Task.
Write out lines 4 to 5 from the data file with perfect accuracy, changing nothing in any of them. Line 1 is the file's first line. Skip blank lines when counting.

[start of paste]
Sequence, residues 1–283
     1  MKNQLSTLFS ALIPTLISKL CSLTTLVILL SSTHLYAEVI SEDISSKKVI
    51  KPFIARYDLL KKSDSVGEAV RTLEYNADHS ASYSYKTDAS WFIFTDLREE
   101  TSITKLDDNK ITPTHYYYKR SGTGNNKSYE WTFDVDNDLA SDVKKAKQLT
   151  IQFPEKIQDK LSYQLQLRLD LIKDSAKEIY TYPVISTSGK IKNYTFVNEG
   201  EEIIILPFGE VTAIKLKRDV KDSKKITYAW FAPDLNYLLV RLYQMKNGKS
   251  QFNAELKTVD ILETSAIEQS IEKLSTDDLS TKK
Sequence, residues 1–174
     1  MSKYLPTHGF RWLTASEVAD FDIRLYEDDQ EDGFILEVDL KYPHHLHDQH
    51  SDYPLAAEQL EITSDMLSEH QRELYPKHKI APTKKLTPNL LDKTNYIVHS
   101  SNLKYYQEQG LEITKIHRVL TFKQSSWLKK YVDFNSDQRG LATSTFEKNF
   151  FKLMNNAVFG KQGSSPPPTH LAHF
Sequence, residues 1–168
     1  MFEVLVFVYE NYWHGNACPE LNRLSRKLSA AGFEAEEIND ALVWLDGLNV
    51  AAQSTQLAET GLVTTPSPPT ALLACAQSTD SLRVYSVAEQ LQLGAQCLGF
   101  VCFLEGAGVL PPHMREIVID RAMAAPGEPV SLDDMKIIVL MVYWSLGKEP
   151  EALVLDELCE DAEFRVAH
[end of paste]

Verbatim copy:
   101  TSITKLDDNK ITPTHYYYKR SGTGNNKSYE WTFDVDNDLA SDVKKAKQLT
   151  IQFPEKIQDK LSYQLQLRLD LIKDSAKEIY TYPVISTSGK IKNYTFVNEG